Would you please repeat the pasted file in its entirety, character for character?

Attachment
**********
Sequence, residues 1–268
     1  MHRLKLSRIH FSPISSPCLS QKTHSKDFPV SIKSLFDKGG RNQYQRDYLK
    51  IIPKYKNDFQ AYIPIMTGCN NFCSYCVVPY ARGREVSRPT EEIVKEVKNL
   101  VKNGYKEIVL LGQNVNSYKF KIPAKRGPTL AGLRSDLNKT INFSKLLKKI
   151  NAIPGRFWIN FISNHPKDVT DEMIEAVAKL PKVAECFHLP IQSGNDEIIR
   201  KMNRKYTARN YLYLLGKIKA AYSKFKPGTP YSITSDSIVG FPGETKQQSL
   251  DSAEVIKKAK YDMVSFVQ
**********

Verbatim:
Sequence, residues 1–268
     1  MHRLKLSRIH FSPISSPCLS QKTHSKDFPV SIKSLFDKGG RNQYQRDYLK
    51  IIPKYKNDFQ AYIPIMTGCN NFCSYCVVPY ARGREVSRPT EEIVKEVKNL
   101  VKNGYKEIVL LGQNVNSYKF KIPAKRGPTL AGLRSDLNKT INFSKLLKKI
   151  NAIPGRFWIN FISNHPKDVT DEMIEAVAKL PKVAECFHLP IQSGNDEIIR
   201  KMNRKYTARN YLYLLGKIKA AYSKFKPGTP YSITSDSIVG FPGETKQQSL
   251  DSAEVIKKAK YDMVSFVQ